Effects of Emerging Crop Rotations and Changing Soil Aeration Status on B and Zn Availability and Vegetable Responses in Nepal
Shova Shrestha1, Mathias Becker1, John Lamers2
1University of Bonn, Inst. Crop Sci. and Res. Conserv. (INRES), Germany
Since recently, the traditional rice-wheat rotation systems in Nepal are subject to drastic changes. Water shortages drive the replacement of the water-consuming lowland rice by maize, and progressing urbanisation drives a replacement of wheat by high-value vegetables. The changes in soil aeration status by integrating maize and the higher nutrient demand of vegetables compared to wheat are associated with changing demands of and responses to key micro-nutrients such as boron (B) and zinc, (Zn) which are highly deficient in the soils of Nepal. We compared the status of soil B/Zn availability and the responses of rice and maize (hot wet season) as well as of cauliflower, tomato and wheat (cold dry season) to added B and Zn in a greenhouse trial as well as in field validation trials at two sites in Nepal. The shift from rice to maize and concomitant changes in soil aeration status tended to increase the responsiveness of both vegetable crops to added B and Zn at both sites. The shift from wheat to high-value vegetables increased the overall demand for B and to a lesser extent for Zn, irrespective of the soils and sites. Thus, the addition of 4 kg/ha each of B and Zn increased crop uptake by cauliflower significantly. While biomass accumulation and yield of wheat were largely unaffected by B/Zn additions, both vegetables responded with 2-4-fold yield increases. At these effects lowland sites were generally more pronounced than at the mid-hill site, and response tended to be more in maize (aerobic) than with rice (anaerobic) based systems. It is concluded that in the inherently B and Zn deficient soils in much of Nepal, the application of B and Zn fertilisers improves the performance of the traditional rice-wheat rotations. Therefore, with the shift towards maize and high-value vegetable-based systems, B and Zn applications become essential. The demand for such nutrients as fertilisers is foreseen to dramatically increase with progressing urbanisation and associated system shifts.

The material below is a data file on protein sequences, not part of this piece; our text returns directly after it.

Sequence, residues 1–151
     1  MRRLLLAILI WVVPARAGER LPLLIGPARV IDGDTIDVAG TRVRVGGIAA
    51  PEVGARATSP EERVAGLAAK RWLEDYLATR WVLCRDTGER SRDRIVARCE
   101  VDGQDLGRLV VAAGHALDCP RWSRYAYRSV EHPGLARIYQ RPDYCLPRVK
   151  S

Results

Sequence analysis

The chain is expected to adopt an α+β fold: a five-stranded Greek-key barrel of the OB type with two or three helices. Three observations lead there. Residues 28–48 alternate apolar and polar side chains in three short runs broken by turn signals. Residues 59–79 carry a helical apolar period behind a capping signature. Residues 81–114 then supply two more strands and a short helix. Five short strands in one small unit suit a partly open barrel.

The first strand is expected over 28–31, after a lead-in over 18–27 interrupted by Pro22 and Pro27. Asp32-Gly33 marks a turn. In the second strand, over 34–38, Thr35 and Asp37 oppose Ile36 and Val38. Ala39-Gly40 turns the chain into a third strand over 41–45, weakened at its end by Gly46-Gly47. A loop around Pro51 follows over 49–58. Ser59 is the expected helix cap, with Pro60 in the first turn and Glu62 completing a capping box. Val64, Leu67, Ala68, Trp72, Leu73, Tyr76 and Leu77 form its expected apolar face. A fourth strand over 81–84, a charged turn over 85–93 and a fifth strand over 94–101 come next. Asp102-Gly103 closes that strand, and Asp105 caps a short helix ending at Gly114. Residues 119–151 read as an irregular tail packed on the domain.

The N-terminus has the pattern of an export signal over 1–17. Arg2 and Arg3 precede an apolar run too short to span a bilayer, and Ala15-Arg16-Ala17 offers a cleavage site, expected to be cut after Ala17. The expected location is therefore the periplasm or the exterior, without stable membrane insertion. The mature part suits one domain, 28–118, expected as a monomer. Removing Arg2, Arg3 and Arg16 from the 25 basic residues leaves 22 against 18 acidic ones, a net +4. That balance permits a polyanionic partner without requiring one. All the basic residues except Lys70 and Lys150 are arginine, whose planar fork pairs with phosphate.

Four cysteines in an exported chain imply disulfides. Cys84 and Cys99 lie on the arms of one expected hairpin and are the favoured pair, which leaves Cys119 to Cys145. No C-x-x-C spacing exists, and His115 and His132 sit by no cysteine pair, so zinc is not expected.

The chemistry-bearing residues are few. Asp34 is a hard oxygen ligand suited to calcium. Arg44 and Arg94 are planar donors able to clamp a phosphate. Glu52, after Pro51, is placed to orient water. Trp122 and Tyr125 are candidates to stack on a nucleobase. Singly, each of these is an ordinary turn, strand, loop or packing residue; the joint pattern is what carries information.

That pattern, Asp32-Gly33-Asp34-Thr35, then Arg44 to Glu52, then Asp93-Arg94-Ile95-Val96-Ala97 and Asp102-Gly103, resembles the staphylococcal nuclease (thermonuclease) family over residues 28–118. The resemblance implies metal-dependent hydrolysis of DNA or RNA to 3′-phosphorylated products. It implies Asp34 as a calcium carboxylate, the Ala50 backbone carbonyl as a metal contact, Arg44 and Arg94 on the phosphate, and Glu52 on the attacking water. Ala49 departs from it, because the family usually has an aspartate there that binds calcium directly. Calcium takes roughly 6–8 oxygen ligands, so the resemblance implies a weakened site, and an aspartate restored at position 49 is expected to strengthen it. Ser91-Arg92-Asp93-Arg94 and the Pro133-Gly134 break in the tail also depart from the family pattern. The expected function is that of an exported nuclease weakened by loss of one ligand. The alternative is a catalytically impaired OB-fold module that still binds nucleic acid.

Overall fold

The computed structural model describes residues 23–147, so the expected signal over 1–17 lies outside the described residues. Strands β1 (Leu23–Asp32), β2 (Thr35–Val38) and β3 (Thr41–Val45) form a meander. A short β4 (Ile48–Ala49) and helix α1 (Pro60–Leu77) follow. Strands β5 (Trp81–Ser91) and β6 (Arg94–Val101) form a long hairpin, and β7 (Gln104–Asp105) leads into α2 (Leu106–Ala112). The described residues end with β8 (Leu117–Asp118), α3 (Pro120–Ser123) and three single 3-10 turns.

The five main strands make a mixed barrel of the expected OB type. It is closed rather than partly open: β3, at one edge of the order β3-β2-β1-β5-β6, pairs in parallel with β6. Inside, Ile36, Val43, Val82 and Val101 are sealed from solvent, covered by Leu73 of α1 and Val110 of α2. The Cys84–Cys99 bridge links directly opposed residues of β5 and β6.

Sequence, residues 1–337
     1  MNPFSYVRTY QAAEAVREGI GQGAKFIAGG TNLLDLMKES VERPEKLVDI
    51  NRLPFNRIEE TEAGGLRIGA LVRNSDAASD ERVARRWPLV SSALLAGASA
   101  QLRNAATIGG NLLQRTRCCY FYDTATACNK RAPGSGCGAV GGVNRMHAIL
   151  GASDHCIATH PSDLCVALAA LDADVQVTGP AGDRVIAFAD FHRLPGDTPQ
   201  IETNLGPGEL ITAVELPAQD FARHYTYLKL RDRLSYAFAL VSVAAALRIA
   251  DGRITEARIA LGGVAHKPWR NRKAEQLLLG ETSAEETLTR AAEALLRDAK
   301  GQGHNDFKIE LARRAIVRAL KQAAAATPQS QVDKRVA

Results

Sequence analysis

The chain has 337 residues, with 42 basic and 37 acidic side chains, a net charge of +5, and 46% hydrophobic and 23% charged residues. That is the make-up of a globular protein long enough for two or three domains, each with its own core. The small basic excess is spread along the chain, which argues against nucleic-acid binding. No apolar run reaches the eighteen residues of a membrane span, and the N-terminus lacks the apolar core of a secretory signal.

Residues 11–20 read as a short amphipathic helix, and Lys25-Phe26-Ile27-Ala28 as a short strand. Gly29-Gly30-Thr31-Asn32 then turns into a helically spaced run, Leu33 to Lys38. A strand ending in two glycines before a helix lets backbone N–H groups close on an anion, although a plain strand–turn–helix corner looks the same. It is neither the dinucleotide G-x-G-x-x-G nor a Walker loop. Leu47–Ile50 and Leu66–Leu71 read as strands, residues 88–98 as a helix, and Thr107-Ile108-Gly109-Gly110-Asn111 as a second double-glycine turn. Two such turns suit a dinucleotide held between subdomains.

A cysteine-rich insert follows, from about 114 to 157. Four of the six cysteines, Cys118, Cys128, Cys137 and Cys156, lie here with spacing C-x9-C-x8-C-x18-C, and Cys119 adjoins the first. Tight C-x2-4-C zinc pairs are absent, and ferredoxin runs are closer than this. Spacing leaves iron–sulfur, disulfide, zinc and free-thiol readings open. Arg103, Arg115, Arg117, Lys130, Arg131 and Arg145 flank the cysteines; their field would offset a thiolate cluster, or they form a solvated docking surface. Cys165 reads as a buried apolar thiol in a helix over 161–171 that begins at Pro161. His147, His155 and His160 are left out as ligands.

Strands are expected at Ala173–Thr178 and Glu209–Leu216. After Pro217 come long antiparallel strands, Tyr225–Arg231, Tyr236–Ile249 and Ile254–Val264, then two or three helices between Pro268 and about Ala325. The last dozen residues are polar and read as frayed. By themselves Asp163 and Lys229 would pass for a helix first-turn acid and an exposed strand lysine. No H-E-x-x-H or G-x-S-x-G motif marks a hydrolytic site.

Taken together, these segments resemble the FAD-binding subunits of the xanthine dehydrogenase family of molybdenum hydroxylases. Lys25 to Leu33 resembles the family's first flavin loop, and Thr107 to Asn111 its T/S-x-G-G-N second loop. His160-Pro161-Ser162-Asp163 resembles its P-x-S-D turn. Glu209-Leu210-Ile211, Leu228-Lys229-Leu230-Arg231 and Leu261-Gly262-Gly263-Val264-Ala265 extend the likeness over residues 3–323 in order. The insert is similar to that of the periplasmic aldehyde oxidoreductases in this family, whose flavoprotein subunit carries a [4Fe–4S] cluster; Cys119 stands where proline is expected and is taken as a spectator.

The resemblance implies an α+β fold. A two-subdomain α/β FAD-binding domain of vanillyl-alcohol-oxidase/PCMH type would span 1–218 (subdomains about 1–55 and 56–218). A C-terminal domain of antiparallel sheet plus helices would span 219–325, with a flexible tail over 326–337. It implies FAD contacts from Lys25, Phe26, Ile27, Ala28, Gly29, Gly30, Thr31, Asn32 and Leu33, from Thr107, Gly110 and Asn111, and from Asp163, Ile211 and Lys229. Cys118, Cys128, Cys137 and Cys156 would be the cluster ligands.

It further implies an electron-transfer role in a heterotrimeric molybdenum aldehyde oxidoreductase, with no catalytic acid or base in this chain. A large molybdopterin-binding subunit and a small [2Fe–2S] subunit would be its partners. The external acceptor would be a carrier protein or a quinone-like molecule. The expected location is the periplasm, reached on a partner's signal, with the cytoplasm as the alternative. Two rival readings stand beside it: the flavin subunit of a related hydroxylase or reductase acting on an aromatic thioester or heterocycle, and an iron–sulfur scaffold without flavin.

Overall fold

Keywords: Boron, cauliflower, Oryza sativa, soil fertility, tomato, zinc
Contact Address: Shova Shrestha, University of Bonn, Inst. Crop Sci. and Res. Conserv. (INRES), Karlrobert-Kreiten-Strasse 13, D-53115 Bonn, Germany, e-mail: shovashresthagmail.com